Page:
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If you are a journalist writing a story contact Cassey or Kayla or Tracy on 011 234 4837 office@anxiety.org.za

SPEAKING BOOKS

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Literacy is a luxury that many of us take for granted. That is why SADAG created SPEAKING BOOKS and revolutionized the way healthcare information is delivered to low literacy communities.

The customizable 16-page book, read by local celebrity audio recordings, ensures that vital health and social messages can be seen, heard, read and understood by everyone across the world.

We started with books on Teen Suicide prevention , HIV, AIDS and Depression, Understanding Mental Health and have developed over 100+ titles, such as TB, Malaria, Polio, Vaccines for over 45 countries.

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Babes Wodumo and Mampintsha.

Following the circulation of a live video that shows local musician Mandla Maphumulo assaulting his partner Bongekile “Babes Wodumo” Simelane, we asked an expert how you can help an abuse victim

In South Africa, one in five women experience physical violence, and one in 17 suffer sexual violence by a partner (Statistics SA). Moreover, SA has some of the highest rates of gender-based violence and femicide in the world, the Sonke Gender Justice website reveals. The femicide rate is reportedly almost five times the global average.

It’s important as a society to understand the complex dynamics of gender-based violence and rather than shame a survivor for speaking out, we should create an environment, which believes the survivor when they allege abuse, and encourages and facilitates reporting of GBV.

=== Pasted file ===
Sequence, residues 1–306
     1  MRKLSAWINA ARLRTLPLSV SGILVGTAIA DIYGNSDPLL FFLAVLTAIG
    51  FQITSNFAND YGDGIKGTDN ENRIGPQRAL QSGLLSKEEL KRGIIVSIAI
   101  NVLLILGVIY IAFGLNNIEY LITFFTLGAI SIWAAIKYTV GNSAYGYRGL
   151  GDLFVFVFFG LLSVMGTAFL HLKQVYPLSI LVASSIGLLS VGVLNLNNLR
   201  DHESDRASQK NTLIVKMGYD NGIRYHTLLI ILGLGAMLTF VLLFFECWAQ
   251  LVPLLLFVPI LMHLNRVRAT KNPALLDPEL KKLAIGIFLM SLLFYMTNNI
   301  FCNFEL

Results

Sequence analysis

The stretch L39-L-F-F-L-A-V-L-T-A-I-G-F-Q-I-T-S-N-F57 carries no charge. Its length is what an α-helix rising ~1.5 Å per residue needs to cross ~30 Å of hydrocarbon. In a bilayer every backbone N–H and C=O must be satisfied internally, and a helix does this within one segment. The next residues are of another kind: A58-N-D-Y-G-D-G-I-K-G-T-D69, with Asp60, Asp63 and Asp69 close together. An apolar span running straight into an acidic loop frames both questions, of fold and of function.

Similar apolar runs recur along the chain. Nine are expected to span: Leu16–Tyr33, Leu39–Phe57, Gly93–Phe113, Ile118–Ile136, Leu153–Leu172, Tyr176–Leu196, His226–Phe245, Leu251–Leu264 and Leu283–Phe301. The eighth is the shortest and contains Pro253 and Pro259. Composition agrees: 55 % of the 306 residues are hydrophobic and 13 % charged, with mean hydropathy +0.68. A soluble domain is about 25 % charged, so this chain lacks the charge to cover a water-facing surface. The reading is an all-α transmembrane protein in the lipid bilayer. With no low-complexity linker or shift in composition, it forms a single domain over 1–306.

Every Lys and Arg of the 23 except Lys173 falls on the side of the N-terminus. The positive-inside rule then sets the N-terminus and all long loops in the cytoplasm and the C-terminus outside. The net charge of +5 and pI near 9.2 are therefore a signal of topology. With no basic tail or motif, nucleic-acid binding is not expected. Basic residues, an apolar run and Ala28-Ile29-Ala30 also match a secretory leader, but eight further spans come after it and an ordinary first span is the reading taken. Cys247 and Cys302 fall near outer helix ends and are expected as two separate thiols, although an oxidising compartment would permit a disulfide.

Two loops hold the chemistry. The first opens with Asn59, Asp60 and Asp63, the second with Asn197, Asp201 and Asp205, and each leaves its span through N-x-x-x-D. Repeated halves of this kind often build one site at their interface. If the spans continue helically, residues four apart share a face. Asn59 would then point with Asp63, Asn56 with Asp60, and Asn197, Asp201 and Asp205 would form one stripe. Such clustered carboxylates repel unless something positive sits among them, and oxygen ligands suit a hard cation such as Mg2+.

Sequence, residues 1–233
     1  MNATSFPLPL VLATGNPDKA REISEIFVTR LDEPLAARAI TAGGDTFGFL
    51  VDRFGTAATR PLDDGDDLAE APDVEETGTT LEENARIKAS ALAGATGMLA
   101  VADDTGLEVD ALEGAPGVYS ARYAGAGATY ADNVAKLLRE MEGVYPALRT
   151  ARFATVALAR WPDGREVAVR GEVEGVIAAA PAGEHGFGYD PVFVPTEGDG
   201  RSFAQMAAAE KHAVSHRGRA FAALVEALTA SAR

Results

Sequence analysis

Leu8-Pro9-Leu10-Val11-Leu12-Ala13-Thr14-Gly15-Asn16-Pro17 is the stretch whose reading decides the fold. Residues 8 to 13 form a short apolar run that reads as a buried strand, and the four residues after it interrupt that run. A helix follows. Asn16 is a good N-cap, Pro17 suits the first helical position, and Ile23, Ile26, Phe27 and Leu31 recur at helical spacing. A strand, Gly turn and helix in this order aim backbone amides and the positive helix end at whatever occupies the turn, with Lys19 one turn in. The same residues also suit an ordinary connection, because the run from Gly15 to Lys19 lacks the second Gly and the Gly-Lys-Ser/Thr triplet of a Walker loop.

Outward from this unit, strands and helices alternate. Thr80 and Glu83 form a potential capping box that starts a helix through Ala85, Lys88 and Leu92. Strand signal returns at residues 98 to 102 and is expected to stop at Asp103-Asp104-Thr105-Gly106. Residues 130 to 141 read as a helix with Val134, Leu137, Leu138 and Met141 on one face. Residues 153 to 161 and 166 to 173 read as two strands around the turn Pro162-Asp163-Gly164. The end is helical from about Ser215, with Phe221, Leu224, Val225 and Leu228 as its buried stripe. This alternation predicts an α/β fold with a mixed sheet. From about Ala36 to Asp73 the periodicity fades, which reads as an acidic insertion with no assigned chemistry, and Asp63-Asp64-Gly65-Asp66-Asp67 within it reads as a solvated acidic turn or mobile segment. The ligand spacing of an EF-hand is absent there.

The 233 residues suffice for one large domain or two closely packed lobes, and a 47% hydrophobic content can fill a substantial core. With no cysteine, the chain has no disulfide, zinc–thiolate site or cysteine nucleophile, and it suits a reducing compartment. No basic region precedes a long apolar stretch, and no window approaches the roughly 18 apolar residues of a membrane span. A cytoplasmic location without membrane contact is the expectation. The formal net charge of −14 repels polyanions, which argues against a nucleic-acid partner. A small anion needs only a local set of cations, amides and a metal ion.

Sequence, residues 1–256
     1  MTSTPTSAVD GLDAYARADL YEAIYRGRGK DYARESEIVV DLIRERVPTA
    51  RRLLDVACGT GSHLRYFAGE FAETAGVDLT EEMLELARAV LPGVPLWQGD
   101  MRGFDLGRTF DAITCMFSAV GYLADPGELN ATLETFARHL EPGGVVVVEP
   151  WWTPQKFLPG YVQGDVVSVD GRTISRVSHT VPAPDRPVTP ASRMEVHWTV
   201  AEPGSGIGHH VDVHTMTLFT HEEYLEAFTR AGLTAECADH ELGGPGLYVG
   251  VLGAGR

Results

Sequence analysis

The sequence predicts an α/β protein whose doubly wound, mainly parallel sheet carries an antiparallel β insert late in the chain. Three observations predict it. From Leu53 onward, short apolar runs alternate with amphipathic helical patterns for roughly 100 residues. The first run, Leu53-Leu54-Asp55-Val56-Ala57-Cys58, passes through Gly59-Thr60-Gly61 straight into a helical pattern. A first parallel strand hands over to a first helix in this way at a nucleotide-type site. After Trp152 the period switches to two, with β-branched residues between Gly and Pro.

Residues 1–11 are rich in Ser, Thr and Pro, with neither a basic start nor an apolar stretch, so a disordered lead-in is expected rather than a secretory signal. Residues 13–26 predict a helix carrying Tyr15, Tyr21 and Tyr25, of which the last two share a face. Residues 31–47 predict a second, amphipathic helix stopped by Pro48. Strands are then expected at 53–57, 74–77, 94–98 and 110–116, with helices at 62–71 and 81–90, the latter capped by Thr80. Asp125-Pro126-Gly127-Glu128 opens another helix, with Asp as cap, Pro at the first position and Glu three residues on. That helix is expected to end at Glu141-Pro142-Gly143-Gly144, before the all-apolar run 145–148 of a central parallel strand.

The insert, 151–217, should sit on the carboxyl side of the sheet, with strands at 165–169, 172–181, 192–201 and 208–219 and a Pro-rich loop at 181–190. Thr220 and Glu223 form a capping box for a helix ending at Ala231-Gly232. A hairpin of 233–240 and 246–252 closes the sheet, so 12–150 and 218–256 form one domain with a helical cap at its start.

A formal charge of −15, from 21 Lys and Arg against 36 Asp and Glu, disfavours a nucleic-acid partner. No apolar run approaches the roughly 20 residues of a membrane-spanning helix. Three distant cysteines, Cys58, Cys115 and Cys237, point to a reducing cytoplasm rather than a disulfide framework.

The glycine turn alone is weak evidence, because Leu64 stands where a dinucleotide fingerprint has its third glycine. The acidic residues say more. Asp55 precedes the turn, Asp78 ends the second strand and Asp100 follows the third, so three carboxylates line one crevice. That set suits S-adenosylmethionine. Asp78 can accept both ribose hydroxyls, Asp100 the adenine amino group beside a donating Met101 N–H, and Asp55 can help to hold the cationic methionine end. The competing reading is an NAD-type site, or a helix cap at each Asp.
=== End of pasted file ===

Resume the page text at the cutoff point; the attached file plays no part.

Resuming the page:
Relationship expert and author of Embracing No, Paula Quinsee explains what you can do to help someone who’s being abused or if you’re the victim.

How can you help if someone you know is being abused?

It depends on the type of relationship you have with the person. Are you able to sit down and have an honest conversation about what you’re observing as an outsider, and how it’s impacting this person’s wellbeing? If this person’s too scared to leave, or they don’t have the courage to leave, you can help them by removing them from the environment and getting them to a place of safety like a shelter or home. You can also look to get them professional help to deal with what they’re going through.

However, it’s difficult to take someone out of that environment if they aren’t ready to walk away. It’s very similar to dealing with a drug addict, because they keep going back for more until there’s some defining moment where they get the strength or the courage to walk away. Hopefully, it’s not a life-changing moment. It’s really all about getting them to a point where they feel strong enough to stand up for themselves and/or leave the situation.

So as an outsider, you can offer support and encouragement, but at the same time, you need to have boundaries so you don’t get sucked into the whole situation, because it’s going to have a negative effect on you.